Bank of England makes Nemat Shafik and Ben Broadbent deputy governors

George Osborne In Thought

Chancellor George Osborne has appointed a respected female economist as a Bank of England deputy governor, ending four years of an all-male interest-rate setting committee.

The appointment of Nemat Shafik, a deputy managing director of the International Monetary Fund, was one of three senior officials announced on Tuesday as part of a radical shakeup at the Bank under governor Mark Carney. Ben Broadbent, already on the monetary policy committee, will take over as a deputy governor from Charlie Bean when he retires this summer. City grandee Anthony Habgood becomes chairman of court at Threadneedle Street, managing the Bank's affairs other than monetary policy.

The appointment of Egyptian-born Shafik, who is also a British and US national, follows growing criticism of Osborne's failure to appoint a woman to the monetary policy committee. The nine-member committee, which meets monthly to set interest rates under the chairmanship of Carney, has been without a female member since Kate Barker left in May 2010.

Shafik's post is a new role at the Bank, deputy governor responsible for markets and banking. It means Carney now has four deputies. Her appointment, effective from August, comes as the Bank fights to shore up its credibility amid a worldwide probe into alleged rigging of foreign exchange markets. The 51-year-old was just 36 when she became the youngest ever vice president at the World Bank. In her new role at Threadneedle Street she will represent the Bank in meetings with other central banks, the IMF and other institutions and will sit on the BoE's financial policy committee and court of directors. From June she will take the place of Paul Fisher on the monetary policy committee when his term ends.

Carney, who is pushing through a shakeup of the Bank's structure, welcomed the three new appointments.

"With a diverse combination of skills and experience, these appointments result in a well-rounded senior management team at the Bank – one that will set the direction for an ambitious agenda of transformation for the institution and enable it to meet the challenges and opportunities it faces in maintaining monetary and financial stability," he said in a statement.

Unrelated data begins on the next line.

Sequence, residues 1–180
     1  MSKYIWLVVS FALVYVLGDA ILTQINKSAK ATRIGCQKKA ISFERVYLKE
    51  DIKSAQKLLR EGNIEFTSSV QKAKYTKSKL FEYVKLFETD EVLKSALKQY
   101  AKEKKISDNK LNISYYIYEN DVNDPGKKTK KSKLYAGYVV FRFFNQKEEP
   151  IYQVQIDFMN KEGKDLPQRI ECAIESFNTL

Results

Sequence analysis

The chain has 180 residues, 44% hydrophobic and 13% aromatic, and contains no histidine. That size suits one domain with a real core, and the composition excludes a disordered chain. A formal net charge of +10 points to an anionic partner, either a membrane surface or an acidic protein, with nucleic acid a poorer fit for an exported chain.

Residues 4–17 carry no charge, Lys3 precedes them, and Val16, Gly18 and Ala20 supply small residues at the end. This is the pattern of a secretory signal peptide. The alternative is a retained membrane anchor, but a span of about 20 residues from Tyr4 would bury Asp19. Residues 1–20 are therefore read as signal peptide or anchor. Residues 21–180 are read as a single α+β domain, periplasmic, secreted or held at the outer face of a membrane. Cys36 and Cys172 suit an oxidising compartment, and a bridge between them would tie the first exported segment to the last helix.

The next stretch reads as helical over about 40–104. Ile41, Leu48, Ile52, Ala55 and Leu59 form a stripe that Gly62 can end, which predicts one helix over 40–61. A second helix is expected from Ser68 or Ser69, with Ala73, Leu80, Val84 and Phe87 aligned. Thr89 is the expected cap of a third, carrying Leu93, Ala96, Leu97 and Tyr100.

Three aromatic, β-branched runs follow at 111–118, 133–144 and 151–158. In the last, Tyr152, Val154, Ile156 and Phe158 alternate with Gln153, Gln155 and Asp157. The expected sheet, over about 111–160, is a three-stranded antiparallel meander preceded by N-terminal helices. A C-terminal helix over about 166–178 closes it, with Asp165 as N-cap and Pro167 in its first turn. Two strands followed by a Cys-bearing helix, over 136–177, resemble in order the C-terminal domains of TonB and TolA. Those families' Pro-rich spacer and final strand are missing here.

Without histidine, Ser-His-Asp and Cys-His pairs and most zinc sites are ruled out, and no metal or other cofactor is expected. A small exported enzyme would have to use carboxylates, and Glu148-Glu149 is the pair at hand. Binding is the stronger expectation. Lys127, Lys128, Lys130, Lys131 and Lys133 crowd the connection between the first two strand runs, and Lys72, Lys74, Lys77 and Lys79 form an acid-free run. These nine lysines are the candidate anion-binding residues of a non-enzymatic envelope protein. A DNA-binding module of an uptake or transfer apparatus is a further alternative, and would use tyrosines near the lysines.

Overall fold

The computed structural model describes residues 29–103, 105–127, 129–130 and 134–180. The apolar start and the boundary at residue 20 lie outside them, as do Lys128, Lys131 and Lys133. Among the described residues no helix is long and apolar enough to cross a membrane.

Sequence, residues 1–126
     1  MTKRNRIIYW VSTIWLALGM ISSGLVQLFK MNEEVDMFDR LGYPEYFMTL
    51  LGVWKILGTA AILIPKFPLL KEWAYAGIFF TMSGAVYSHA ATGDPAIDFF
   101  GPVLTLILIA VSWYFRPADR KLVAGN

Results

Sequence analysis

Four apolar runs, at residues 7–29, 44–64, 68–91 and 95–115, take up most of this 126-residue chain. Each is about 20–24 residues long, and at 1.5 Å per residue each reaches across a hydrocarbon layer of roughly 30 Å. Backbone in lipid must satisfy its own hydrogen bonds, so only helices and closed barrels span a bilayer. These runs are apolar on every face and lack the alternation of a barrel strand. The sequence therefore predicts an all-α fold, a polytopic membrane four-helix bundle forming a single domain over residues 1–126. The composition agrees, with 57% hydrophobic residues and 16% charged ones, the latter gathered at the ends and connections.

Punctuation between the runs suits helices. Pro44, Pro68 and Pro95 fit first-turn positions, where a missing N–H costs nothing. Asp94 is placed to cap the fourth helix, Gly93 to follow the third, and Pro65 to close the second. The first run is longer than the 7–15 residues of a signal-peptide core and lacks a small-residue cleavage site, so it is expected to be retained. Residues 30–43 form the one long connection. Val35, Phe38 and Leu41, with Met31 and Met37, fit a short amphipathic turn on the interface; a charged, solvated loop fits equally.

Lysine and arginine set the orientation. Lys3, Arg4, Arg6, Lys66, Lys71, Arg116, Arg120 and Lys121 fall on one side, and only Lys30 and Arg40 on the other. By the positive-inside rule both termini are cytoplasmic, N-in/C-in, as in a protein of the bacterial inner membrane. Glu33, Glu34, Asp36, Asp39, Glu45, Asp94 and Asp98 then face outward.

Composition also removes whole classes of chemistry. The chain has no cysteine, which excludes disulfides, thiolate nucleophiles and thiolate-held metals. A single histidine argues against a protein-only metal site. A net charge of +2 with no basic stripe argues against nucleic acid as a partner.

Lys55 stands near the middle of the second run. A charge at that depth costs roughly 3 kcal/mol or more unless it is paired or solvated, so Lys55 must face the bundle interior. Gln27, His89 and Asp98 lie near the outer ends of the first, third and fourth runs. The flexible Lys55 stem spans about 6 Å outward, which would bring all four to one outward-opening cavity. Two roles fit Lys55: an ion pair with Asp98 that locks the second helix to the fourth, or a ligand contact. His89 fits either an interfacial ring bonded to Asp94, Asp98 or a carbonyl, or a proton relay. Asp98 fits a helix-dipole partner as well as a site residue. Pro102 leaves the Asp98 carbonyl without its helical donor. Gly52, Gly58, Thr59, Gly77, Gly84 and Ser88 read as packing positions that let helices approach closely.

The Bank said that Shafik would be responsible for reshaping its operations and balance sheet, including "ensuring robust risk management practices". She will also help develop and implement "an eventual exit" from quantitative easing, whereby the Bank pumped billions in electronic cash into the flagging economy during the downturn.

Habgood, who is chairman of Whitbread, takes over as chair of the Bank's court of directors from David Lees, who leaves at the end of June.

As the new deputy governor for monetary policy, Broadbent will be responsible for the Bank's analysis of the UK and international economies that feeds into interest rate decisions. He takes on the post at a turning point in the cycle for borrowing costs. After five years at a record low of 0.5% interest rates are expected to start rising again in 2015, albeit gradually, as the economic recovery gathers steam.

Announcing the appointment, Osborne said: "I am delighted to announce the appointment of three such highly qualified and experienced people to join the Bank's already excellent executive team. Their impressive experience of business, economics and international finance will strengthen and diversify the Bank's top team and enable them to continue to face Britain's ongoing economic challenges from a position of strength".

In further changes, Spencer Dale, currently MPC member and Bank chief economist, will become executive director for financial stability, joining financial policy committee. He effectively swaps roles with Andy Haldane, currently executive director for financial stability, who becomes chief economist and joins the MPC.

Changes to the monetary policy committee will give market players plenty to think about as they seek to predict when the first move in interest rates will come.

David Tinsley, economist at BNP Paribas bank in London, said: "What does all this mean for the direction of policy? Well the truth is it is hard to know, but it certainly adds a degree of raised uncertainty as to how the debate on the MPC will go from the second half of this year, when most of the changes occur."

"In Paul Fisher's departure the MPC is clearly losing a 'dove'. But in Dale's move off the MPC it is also losing a 'hawk'. At the same time Nemat Shafik's views will be an unknown quantity for a while (she may hug the consensus until she feels more up to speed with the UK conjuncture). Andy Haldane has a reputation as a 'free thinker'. How this translates into his views on monetary policy are not clear."

Powered by Guardian.co.ukThis article was written by Katie Allen, for theguardian.com on Tuesday 18th March 2014 12.51 Europe/London

guardian.co.uk © Guardian News and Media Limited 2010

 

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